For all their cunning duplicity and social hypocrisy, both Vicomte de Valmont and Marquise de Merteuil, deep inside themselves, long for the same things as more or less anybody, then and now: love, affection, companionship, understanding. Both the Vicomte and the Marquise, however, have far too intelligent and sophisticated minds not to realise that lust and passion neither last nor bring lasting satisfaction. They know how hard it is to be a lone wolf. They know all too well that even great physical intimacy may well coexist with complete spiritual aloofness. And there is nothing sadder than that.

John Malkovich and Glenn Close in Dangerous Liaisons
Even though the supporting cast includes fine performances by Michelle Pfeiffer (the paragon of virtue), Uma Thurman (the reluctant virgin), Keanu Reeves (the idealistic music teacher) and Swoosie Kurtz (the ''virtuous'' mother), all these worthies are completely overshadowed by Glenn Close and John Malkovich as the Marquise and the Vicomte, respectively. Neither of them may at first strike you as the right choice for a great seducer, of either sex, but both of them (considerably helped by the great script and genius for acting) make terrific roles that remind me that the secret of seduction is in the provocative behaviour, not in the gorgeous looks.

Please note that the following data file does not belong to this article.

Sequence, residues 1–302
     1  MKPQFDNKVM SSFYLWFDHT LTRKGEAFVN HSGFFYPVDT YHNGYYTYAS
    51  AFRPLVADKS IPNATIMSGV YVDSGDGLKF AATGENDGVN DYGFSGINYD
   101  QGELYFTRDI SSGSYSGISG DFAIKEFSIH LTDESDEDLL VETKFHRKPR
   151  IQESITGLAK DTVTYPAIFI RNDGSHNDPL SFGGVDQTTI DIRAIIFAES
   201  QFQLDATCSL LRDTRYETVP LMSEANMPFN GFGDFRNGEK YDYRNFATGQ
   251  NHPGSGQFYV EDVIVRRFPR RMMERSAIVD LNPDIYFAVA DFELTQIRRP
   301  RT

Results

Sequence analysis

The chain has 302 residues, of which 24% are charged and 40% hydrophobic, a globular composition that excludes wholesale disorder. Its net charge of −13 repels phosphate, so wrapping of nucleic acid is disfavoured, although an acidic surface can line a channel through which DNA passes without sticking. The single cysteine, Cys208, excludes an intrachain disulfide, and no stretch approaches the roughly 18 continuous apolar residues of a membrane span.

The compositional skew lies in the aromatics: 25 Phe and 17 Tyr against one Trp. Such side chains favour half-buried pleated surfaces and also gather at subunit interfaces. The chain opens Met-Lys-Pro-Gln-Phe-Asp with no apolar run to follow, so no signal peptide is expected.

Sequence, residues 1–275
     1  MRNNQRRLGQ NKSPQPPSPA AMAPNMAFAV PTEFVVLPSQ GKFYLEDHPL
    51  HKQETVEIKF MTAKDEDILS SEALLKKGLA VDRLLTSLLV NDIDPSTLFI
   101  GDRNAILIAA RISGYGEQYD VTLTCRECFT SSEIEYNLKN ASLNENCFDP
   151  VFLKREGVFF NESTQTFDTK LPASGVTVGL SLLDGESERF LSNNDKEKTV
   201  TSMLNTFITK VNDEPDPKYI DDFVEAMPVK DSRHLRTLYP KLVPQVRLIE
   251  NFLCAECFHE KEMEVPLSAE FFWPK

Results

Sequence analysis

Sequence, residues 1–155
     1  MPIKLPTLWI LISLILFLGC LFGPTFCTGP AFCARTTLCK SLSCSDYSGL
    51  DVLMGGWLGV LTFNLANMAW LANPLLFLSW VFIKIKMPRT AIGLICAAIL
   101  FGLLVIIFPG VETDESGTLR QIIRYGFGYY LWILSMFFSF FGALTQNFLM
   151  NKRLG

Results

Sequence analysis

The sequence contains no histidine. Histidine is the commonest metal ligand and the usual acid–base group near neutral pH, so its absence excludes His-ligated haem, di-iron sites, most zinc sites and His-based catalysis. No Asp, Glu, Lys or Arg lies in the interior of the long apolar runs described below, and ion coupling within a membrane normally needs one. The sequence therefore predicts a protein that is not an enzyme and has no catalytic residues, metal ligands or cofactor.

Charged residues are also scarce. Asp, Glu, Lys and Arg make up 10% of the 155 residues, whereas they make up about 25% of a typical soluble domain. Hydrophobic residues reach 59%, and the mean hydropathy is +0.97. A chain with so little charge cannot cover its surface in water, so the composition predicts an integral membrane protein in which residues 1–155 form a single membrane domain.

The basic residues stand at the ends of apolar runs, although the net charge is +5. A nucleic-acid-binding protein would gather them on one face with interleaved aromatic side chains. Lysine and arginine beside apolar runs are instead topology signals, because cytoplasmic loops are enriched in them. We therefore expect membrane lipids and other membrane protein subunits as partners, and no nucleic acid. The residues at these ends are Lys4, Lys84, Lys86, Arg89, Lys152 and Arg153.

The Valmont-Merteuil scenes are unforgettable, full of double entendres and refreshing frankness delivered with a deliciously elaborate vocabulary. No less suave are the innuendos they devise and carry out with the destinies of the other characters. Yet one is never in any doubt that behind the glittering façade there are ruthless calculation and genuine malice quite devoid of any scruples whatsoever. What adds a welcome touch of poignancy is that there is solid ground for the best possible relationship, that is the one that combines carnal knowledge with intellectual satisfaction, to exist between the Marquise and Valmont. Yet it is ruined by our good, old – and, alas, eternal – friends such as vanity, pride and envy. Significantly, both have ''solo scenes'' in the very end of the movie – the duel (with a great dying speech by John Malkovich) and the public ostracizing (deeply moving performance by Glenn Close without a single word) – and these are among the most affecting moments in the whole movie. The most dramatic is perhaps the "declaration of war":